Health Psychology Research
This study addressed the role of chronic exercise to enhance physical self-description as measured by self-estimated percent body fat. Accuracy of physical self-description was determined in normal-weight, regularly exercising and non-exercising males with similar body mass index (BMI)’s and females with similar BMI’s (n=42 males and 45 females of which 23 males and 23 females met criteria to be considered chronic exercisers). Statistical analyses were conducted to determine the degree of agreement between self-estimated percent body fat and actual laboratory measurements (hydrostatic weighing). Three statistical techniques were employed: Pearson correlation coefficients, Bland and Altman plots, and regression analysis. Agreement between measured and self-estimated percent body fat was superior for males and females who exercised chronically, compared to nonexercisers. The clinical implications are as follows. Satisfaction with one’s body can be influenced by several factors, including self-perceived body composition. Dissatisfaction can contribute to maladaptive and destructive weight management behaviors. The present study suggests that regular exercise provides a basis for more positive weight management behaviors by enhancing the accuracy of self-assessed body composition.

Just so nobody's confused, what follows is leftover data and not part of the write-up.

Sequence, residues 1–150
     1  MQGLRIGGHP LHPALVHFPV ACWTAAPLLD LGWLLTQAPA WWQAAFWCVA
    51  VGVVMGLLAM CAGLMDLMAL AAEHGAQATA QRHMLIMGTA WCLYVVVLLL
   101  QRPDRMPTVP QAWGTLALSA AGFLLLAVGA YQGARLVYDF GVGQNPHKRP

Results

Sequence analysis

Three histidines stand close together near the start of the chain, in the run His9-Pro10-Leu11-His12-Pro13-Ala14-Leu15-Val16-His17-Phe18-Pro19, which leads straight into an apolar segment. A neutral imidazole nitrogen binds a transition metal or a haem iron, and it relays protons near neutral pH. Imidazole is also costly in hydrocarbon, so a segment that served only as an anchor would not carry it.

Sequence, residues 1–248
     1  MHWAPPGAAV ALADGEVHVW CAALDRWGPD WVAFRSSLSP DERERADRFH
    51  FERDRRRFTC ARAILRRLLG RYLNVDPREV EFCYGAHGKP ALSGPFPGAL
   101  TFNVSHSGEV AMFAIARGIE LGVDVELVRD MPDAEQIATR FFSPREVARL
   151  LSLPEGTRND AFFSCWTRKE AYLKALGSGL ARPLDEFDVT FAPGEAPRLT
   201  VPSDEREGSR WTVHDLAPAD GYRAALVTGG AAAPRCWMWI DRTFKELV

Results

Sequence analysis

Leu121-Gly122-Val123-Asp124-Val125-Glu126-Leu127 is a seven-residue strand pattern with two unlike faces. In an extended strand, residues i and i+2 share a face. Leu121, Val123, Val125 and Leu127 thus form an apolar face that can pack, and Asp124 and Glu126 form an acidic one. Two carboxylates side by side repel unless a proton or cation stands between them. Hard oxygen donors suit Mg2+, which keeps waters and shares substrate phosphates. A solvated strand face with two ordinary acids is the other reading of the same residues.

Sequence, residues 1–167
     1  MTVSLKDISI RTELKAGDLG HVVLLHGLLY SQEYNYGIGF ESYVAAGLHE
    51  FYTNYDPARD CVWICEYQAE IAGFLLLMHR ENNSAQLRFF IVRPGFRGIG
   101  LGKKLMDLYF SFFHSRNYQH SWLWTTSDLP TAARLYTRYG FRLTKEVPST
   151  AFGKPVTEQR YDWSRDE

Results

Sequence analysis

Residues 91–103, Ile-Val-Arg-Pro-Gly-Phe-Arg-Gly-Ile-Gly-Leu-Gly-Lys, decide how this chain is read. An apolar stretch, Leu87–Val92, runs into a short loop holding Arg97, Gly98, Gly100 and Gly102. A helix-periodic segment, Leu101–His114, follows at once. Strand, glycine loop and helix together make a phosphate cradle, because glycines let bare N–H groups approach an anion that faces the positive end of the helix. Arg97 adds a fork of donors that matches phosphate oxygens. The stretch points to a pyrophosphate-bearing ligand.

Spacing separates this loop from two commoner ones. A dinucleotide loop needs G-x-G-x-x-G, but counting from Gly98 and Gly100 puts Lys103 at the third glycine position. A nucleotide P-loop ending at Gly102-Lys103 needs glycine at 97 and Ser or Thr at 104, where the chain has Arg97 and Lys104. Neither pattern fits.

Berning, Joseph M.; DeBeliso, Mark; Sevene, Trish G.; Adams, Kent J.; Salmon, Paul; and Stamford, Bryant A., "Accuracy of Physical Self-Description Among Chronic Exercisers and Non-Exercisers" (2014). Kinesiology Faculty Publications and Presentations. 6.